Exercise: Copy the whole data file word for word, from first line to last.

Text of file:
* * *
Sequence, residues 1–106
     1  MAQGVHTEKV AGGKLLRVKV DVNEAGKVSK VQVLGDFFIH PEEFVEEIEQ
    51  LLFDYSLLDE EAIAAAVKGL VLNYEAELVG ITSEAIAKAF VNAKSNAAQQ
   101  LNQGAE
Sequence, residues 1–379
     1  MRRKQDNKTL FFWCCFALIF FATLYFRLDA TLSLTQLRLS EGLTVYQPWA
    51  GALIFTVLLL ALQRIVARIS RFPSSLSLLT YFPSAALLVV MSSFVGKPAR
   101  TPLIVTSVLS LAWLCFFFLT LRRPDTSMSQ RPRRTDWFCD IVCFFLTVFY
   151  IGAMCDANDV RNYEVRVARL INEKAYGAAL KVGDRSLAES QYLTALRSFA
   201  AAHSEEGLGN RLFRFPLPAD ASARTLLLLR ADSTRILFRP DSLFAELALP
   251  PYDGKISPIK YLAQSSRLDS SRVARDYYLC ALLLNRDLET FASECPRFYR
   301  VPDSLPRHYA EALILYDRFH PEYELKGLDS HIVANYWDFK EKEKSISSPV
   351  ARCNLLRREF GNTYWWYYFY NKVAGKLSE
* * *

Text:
Sequence, residues 1–106
     1  MAQGVHTEKV AGGKLLRVKV DVNEAGKVSK VQVLGDFFIH PEEFVEEIEQ
    51  LLFDYSLLDE EAIAAAVKGL VLNYEAELVG ITSEAIAKAF VNAKSNAAQQ
   101  LNQGAE
Sequence, residues 1–379
     1  MRRKQDNKTL FFWCCFALIF FATLYFRLDA TLSLTQLRLS EGLTVYQPWA
    51  GALIFTVLLL ALQRIVARIS RFPSSLSLLT YFPSAALLVV MSSFVGKPAR
   101  TPLIVTSVLS LAWLCFFFLT LRRPDTSMSQ RPRRTDWFCD IVCFFLTVFY
   151  IGAMCDANDV RNYEVRVARL INEKAYGAAL KVGDRSLAES QYLTALRSFA
   201  AAHSEEGLGN RLFRFPLPAD ASARTLLLLR ADSTRILFRP DSLFAELALP
   251  PYDGKISPIK YLAQSSRLDS SRVARDYYLC ALLLNRDLET FASECPRFYR
   301  VPDSLPRHYA EALILYDRFH PEYELKGLDS HIVANYWDFK EKEKSISSPV
   351  ARCNLLRREF GNTYWWYYFY NKVAGKLSE